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Bible verses about God's Plan
(From Forerunner Commentary)

God's major work is not preaching the gospel. This is not to say in any way that it is not important to God's work. We have to make sure that we give matters the right priorities, not putting the cart before the horse. Preaching the gospel is certainly a part of the responsibility of each Christian and, of course, each Christian organization.

God's major work is something far bigger and far more important than that—He is reproducing Himself. In broad generalities this purpose is shown in the opening chapters of Genesis. Right from the beginning, God wants to make sure that we understand where He is headed with His Word so that we can begin to process the information that comes along later in the book.

He tells us in Genesis 1:26 that man is created in His image. This is the first major clue. He tells us in Genesis 2:15 that we must spend our time dressing and keeping what He has given us dominion over. He also instructs us to choose life consciously—remember the Two Trees in the Garden—and to avoid sin and death with the utmost of energy.

But all of us have sinned, and like Adam and Eve and Cain, we find ourselves in bondage to Satan, whom we have made our master through ignorance and sin rather than God. So we need redemption. In Genesis 3:15, God is already talking about a Savior who will crush the serpent's head. Thus, we can be redeemed and get back on the track with His purpose.

It is all there in broad generalities, but it is spelled out much more specifically throughout the rest of the Bible. God's purpose is for us to be in His image. It may not be any more clearly stated than in II Corinthians 3:18, where He says that we are being transformed from glory to glory—from the glory of man to the glory of God.

John W. Ritenbaugh
Love and Works


 

Genesis 3:14-15

It is amazing to realize that God laid out these major players and events in His plan by the third chapter of the Book! These two verses are remarkable in that in symbolic language God preaches the gospel in detail to the first sinners immediately after their first transgression. He made sure they were not ignorant of the truth.

Richard T. Ritenbaugh
The First Prophecy (Part One)


 

Genesis 15:12-18

This prophecy is fulfilled exactly 430 years later (Exodus 12:40-41; Galatians 3:17) when Israel left Egypt as the sun set ending the 14th day of Abib and beginning the 15th. God says to us in Isaiah 46:10, "My counsel shall stand." This is why the prophecies ring with such positive assurance. No puny man or angel, no mighty army of angels, nor all nations of men can stop Him from acting exactly how, when, where, and in whom He purposes.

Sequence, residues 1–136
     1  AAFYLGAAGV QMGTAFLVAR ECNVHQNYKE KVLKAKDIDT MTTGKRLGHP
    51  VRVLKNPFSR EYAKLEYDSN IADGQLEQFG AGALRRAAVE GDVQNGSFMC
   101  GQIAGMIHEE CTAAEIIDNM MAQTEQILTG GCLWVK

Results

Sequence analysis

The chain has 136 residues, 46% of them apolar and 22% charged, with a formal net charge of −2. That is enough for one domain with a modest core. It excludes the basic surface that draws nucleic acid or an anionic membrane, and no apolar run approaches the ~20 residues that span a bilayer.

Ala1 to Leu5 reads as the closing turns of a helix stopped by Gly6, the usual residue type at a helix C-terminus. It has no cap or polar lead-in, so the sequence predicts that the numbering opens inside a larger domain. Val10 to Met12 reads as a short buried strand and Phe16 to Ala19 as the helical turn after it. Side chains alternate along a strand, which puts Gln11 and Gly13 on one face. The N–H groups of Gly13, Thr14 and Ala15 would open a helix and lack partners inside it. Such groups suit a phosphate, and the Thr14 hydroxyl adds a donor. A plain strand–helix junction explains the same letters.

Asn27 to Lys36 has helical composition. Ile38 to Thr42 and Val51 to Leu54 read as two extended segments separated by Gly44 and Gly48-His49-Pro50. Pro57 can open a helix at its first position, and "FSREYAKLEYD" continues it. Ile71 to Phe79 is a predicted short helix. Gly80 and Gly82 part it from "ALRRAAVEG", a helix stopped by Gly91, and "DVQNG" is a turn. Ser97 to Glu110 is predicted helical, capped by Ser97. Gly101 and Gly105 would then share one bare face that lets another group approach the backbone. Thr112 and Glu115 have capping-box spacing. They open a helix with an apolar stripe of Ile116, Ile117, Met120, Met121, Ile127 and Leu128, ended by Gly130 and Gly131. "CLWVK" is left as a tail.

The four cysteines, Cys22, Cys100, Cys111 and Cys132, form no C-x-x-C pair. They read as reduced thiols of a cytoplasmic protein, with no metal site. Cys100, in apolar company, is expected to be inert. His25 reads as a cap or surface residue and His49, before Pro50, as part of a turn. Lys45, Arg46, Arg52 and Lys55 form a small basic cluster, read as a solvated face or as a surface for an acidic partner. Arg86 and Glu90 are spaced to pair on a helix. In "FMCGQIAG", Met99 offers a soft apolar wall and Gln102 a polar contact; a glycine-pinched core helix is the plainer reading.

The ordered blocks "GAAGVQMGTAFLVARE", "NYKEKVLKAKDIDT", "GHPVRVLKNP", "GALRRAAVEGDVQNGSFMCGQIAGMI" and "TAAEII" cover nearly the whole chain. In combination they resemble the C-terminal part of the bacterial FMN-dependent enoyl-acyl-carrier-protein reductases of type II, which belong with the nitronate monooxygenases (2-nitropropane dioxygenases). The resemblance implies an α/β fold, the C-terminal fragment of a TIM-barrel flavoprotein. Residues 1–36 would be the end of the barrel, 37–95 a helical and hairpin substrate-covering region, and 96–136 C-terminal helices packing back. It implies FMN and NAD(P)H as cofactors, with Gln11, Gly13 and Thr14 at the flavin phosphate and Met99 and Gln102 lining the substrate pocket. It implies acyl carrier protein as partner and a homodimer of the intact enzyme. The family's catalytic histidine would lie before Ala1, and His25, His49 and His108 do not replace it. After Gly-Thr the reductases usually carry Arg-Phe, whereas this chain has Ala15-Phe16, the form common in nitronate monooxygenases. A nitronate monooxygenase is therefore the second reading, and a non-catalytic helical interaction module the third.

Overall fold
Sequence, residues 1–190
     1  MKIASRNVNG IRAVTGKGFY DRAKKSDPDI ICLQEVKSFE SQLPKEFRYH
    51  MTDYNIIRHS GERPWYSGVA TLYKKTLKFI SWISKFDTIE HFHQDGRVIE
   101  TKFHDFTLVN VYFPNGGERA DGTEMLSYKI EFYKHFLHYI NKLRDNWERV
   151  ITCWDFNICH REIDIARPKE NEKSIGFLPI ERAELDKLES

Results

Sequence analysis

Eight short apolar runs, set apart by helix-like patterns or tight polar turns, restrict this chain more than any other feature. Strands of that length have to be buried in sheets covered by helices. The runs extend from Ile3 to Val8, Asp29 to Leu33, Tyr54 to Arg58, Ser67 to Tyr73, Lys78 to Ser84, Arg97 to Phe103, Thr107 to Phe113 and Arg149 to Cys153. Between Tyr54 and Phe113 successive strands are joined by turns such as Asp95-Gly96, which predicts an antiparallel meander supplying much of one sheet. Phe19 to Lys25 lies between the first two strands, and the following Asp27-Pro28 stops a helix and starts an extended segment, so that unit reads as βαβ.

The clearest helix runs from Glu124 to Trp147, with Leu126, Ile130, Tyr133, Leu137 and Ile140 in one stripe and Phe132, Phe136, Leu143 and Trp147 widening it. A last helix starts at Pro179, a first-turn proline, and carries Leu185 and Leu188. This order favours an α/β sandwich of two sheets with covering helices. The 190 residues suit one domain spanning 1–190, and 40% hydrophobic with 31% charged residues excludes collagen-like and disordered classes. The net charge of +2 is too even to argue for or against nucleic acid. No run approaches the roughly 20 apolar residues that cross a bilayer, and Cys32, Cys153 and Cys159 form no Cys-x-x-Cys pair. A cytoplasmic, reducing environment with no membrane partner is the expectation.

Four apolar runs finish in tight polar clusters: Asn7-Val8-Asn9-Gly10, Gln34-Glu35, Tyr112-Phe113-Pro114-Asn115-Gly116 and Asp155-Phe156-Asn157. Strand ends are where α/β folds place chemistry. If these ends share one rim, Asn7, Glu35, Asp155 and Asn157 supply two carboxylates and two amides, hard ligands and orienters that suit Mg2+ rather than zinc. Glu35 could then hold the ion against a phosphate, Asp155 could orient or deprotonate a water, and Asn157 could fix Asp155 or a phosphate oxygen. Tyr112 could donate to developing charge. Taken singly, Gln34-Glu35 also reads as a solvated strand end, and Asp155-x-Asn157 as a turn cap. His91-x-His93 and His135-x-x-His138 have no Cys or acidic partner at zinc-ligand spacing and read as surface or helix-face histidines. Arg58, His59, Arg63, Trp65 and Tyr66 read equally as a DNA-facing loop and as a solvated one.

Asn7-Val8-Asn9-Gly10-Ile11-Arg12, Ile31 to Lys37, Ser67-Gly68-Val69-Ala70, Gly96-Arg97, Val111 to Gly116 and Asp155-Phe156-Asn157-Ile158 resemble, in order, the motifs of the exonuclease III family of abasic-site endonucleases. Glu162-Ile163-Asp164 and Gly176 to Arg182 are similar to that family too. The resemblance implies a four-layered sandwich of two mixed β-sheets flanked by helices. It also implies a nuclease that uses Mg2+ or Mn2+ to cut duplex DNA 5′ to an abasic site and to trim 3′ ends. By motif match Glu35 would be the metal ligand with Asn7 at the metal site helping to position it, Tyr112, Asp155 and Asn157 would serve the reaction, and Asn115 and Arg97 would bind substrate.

John W. Ritenbaugh
The Sovereignty of God: Part Four


 

Deuteronomy 29:2-3

Was God a God from afar here? The answer is "yes" and "no" because His overall plan was undoubtedly in mind, and He was recording this for the sake of future generations. Realize that from the time the book of Exodus opens until the Israelites finally leave Egypt eighty years pass. Moses was not born at the time that Scripture says they were crying out to God because of the bondage. Moses was born and preserved right through the persecution. He was cast in a little ark onto the Nile River, rescued by Pharaoh's daughter, grew up to be a man, fled into the wilderness at age forty, and spent forty years tending sheep, learning to be humble. Finally, God had him ready, so He sent him back to Egypt.

God's overall plan was in mind for a long time, yet all through these events, He was very near to Moses, preparing him. God was far off in the sense that He was using these people to prepare an account that His servant Moses would write for our sakes, so that we would understand these things.

God undoubtedly appeared to be far away from the Israelites who were crying out to Him for deliverance, but He was really right on the spot. He was near to them; He is a God at hand. We have to keep both of these views in mind. They both have an impact on the transference of the Spirit of God into our minds. God is always working two things at once: His overall purpose and His specific purpose for us as individuals and for the church.

Out of this comes a principle. God is Yahweh Jireh, which means "the Eternal who sees" or "the Eternal who provides." It is shortened into this statement: He is there. He was there when Abraham stood on Mount Moriah about to sacrifice his son, Isaac—and God provided a ram. He was at hand through all the plagues of Egypt—and He divided the Israelites away from them. He watched so closely when they left Egypt that not even a dog barked, which is what the Night to Be Much Observed is all about (Exodus 12:42). God was the One observing, watching. He was aware at the Red Sea—and He parted the waters.